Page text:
ATARN and the Hong Kong Island Archery Club Organise a Joint Workshop on Mongolian Traditional Archery
Photographs courtesy of So Fai-sing
ATARN joined together with the Hong Kong Island Archery Club to hold a workshop on Mongolian archery on 14 March, under the guidance of six-time ladies' champion Choijelsurengiin Munkhtsetseg, who was visiting Hong Kong on a police training scholarship.
Munkhtsetseg has recently published a detailed account of the history and technique of Mongolian archery in 'Instinctive Archer' Magazine (Spring 1999 edition.) Based on the article, Stephen Selby introduced the Mongolian bow, its construction, and an outline of Mongolian competitive traditional archery on behalf of Munkhtsetseg (who does not speak English.)
We looked at a number of traditional Asian bows, including Mongolian, Chinese, Korean and a 'strength bow' used for military exercises. Before the workshop, some members had an interesting time watching how Munkhtsetseg drew upon two decades of experience to remove a twist in a Mongolian horn-backed bow (heating the limbs on an electric fire and twisting them in the rungs of an iron railing). She also strung up an antique Chinese bow which had not been strung for many years, tying the ends of the limbs to the level top of a railing with a brick placed beneath the grip and leaving it for two hours in the hot sunlight to 'set'.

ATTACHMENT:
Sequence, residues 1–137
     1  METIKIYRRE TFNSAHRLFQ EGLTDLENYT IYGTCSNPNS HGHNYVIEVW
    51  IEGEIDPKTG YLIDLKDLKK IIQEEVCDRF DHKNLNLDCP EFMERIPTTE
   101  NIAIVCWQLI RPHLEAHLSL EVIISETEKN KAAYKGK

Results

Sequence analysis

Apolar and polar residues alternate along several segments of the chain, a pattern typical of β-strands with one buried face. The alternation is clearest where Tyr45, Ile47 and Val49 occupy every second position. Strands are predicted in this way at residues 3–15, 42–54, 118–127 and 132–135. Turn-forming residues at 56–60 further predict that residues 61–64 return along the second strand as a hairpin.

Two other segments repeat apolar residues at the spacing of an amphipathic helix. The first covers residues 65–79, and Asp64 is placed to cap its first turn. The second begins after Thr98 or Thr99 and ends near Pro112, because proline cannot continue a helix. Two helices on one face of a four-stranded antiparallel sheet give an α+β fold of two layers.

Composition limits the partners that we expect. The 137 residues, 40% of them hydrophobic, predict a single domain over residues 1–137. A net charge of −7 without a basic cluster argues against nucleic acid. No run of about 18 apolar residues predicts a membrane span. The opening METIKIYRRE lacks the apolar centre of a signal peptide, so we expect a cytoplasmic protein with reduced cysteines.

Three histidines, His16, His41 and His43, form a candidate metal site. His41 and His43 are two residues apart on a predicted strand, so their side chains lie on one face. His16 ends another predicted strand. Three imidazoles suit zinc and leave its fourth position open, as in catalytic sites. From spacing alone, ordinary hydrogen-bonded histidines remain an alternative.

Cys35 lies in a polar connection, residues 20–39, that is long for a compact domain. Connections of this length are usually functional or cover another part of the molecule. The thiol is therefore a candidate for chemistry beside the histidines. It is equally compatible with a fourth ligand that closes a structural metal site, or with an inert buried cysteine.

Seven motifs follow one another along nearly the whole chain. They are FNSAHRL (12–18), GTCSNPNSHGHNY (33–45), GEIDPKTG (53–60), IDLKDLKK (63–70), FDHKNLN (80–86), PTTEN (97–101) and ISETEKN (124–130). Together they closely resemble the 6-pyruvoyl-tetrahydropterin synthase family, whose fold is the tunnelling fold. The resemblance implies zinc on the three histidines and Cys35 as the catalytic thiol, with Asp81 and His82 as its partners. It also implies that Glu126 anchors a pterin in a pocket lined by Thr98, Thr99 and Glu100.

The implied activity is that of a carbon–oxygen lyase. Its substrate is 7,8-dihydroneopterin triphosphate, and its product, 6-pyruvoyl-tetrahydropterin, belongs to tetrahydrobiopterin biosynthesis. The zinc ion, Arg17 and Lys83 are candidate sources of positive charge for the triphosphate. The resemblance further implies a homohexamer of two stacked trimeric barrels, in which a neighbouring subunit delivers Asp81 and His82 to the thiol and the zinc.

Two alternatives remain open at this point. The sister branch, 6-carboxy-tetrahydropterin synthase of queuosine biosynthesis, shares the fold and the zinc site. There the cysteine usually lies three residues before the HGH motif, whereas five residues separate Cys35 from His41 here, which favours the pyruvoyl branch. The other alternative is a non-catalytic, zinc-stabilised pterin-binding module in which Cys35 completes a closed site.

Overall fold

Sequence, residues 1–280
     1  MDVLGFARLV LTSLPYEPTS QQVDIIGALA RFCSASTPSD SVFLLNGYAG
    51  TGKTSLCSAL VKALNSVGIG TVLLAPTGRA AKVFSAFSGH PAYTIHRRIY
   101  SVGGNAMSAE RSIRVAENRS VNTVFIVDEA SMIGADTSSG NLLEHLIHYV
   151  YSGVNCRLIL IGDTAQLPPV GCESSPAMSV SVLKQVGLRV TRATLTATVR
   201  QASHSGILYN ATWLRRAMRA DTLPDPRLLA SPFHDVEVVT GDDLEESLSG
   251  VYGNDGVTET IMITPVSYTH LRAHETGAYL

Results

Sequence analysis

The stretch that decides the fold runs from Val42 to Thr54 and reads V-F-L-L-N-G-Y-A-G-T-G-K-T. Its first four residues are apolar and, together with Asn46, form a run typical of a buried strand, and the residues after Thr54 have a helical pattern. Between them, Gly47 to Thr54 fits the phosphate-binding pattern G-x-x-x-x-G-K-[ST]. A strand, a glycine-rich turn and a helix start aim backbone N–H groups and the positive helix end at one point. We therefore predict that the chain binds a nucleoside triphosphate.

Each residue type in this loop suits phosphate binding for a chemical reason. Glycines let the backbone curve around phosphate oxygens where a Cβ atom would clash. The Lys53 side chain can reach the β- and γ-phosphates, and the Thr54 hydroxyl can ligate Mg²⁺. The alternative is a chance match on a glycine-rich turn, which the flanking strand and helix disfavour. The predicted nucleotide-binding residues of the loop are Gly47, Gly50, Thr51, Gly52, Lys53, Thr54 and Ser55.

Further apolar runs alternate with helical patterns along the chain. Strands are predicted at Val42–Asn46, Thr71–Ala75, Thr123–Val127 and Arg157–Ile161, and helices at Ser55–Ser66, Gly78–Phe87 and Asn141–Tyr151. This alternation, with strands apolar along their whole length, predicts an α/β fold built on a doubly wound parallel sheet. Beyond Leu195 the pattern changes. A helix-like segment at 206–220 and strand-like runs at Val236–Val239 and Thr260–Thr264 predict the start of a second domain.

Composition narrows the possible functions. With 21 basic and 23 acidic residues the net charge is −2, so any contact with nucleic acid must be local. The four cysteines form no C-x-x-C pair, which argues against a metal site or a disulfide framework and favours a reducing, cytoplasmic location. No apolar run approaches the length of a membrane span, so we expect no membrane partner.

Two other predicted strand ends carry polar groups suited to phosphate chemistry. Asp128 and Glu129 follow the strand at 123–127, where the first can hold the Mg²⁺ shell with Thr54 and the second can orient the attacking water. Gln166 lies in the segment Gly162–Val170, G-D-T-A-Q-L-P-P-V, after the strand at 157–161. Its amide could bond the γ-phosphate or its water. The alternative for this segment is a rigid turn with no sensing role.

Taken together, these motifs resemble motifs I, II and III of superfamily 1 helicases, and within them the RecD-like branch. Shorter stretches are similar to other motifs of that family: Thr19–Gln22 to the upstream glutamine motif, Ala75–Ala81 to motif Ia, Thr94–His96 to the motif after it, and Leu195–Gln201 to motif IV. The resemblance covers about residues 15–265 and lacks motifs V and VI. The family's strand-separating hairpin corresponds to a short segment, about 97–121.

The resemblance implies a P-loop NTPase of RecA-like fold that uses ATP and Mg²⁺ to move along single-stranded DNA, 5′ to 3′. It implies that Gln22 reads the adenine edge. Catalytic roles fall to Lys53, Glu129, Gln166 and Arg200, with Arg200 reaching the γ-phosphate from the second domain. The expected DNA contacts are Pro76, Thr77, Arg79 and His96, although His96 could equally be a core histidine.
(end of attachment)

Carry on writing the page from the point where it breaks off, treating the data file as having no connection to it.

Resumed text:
The highlight of the event was Munkhtsetseg's own display of Mongolian archery technique. Every member had a go at shooting at the target (a cardboard box twenty metres down-range) using a traditional Mongolian bow and arrow. Most used a Mediterranean draw, although Munkhtsetseg demonstrated the details of the Mongolian draw (without resorting to a thumb-ring!) The Mongolian bow produces a lot of hand-shock, and so it takes some getting used to.
Munkhtsetseg wore the full uniform of the Mongolian National Hero of Archery (Mergen). In fact, she sometimes innocently wore it out and about in the streets of Hong Kong, causing quite a stir as she passed!
She had some interesting and exciting news from Ulaanbaatar. Realising the growing appeal of traditional archery, her sports institute and the Mongolian Archery Union have started training in mounted archery again (it has not been seen in Outer Mongolia since the 1950s) and for the Millenium, they plan to have a full competitive team shooting at full gallop. (I shall be going up to watch them practice in June.)
Munkhtsetseg repeated her wish to see more traditional archery enthusiasts in Mongolia, so she can spread the word about Mongolia's traditions and learn from foreign friends.
October 09, 2000